A love letter to TTRPGs

Posted by Jesper on June 30, 2024

While I mentioned my passion for tabletop role-playing games (TTRPGs) a few times before on this blog, I never dedicated a proper post to them. Let’s fix that!

In their essence, tabletop role-playing games are a kind of game where you and a few friends sit around a table and tell a story together. Traditionally, each player except for one embodies a single main character of the story, while one player (variously called the Game Master, Dungeon Master, Referee, Storyteller, Master of Ceremonies, or many other things) takes the role of all other characters and the world. The rules of the game help the players to create their characters and the game master to create the world.

Much of the actual game happens through a conversation between the players, describing or enacting how their characters respond to the situation they are in. The rules describe how to handle uncertain situations that can come up in the game, such as sneaking past a guard, piloting a spaceship, banishing a ghost, swinging a sword at an orc, or guessing a person’s secret feelings. However, unlike a typical board game, many things that happen in the story never require any of the game’s rules!

Why do I believe that TTRPGs are such a great and unique way to spend your time? Why would you play one, instead of - say - watching a series or going out for a beer? There are endless possible reasons, but here are my main ones:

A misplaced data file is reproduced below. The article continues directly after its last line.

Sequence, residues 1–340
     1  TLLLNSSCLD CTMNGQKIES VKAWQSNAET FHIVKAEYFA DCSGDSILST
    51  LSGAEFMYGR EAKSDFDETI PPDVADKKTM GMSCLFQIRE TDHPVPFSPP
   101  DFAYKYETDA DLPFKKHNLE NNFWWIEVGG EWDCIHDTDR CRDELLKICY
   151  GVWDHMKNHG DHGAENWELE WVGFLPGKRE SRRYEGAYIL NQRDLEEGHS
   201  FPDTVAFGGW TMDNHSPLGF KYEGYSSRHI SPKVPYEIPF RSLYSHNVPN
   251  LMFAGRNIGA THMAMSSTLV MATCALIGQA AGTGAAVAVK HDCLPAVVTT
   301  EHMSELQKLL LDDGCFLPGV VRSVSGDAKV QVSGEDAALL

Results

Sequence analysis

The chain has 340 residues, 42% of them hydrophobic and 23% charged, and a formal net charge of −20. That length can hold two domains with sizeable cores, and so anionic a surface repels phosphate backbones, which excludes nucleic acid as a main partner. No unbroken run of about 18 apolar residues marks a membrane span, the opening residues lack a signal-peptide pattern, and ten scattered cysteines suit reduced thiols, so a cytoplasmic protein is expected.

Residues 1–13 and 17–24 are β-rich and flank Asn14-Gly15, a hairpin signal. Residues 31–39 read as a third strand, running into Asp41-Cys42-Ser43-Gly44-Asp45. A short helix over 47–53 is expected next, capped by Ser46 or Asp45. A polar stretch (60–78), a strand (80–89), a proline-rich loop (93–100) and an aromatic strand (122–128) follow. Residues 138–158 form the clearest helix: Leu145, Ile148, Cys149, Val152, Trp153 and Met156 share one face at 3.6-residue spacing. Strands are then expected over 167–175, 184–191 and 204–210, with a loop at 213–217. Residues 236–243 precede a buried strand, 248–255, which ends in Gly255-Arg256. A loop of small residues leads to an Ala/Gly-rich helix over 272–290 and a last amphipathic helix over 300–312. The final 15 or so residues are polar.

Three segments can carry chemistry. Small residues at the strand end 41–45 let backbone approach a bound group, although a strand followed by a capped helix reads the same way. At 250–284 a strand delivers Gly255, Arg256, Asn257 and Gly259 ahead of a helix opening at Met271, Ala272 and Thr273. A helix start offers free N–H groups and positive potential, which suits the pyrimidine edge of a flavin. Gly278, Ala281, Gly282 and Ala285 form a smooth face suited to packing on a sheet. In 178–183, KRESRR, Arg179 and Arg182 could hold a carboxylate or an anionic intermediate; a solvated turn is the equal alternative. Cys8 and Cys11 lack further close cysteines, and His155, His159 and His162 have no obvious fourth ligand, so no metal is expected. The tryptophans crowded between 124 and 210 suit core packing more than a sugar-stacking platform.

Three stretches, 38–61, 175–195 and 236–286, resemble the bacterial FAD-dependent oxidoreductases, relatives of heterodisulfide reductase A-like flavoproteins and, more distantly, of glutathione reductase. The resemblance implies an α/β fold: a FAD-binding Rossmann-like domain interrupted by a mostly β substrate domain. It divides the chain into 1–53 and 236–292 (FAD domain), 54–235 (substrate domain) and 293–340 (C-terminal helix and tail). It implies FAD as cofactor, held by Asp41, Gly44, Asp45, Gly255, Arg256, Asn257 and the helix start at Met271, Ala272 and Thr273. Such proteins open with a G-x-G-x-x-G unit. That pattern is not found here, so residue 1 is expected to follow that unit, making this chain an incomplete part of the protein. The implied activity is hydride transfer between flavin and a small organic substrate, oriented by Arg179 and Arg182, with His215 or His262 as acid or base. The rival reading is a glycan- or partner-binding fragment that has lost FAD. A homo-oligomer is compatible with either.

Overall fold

It’s hard to imagine another hobby that combines all of these aspects! In this world that sometimes feels like it’s nothing but gloom and doom, I feel there’s something special about a group of friends sitting around a table using their shared imaginations to come up with new worlds and stories.

In case you are curious or even eager to get started playing, here are a couple of games I can recommend:

Of course this list heavily reflects my personal tastes, and you might enjoy something grittier such as Mörk Borg, something more futuristic such as Scum and Villainy, or something more gay such as Thirsty Sword Lesbians.

Note that I am not recommending what’s definitely the most well-known TTRPG, which is Dungeons and Dragons (D&D). One reason is that it already gets plenty of attention. But another reason is that compared to all the games above (except maybe Avatar Legends) it is just way way more complicated and time-consuming. I enjoyed playing D&D for many years, but now I have counted enough hit dice, 5-foot squares, spell slots, attribute points, and saving throws for a lifetime. I find that by having simpler rules, other games actually make more room for the parts that I enjoy the most: playing characters and telling stories. Still, there is plenty of fun to be had with it, so if a D&D group is all you can find then just go for it!

Finally, let me close this post with an open invitation to play a TTRPG together. Playing a game together with someone you haven’t played with before is always a great way to be surprised by new ideas and perspectives. I would be honored if you’d join me on an adventure! Just reach out to me in person, over email, or over on Mastodon at dice.camp.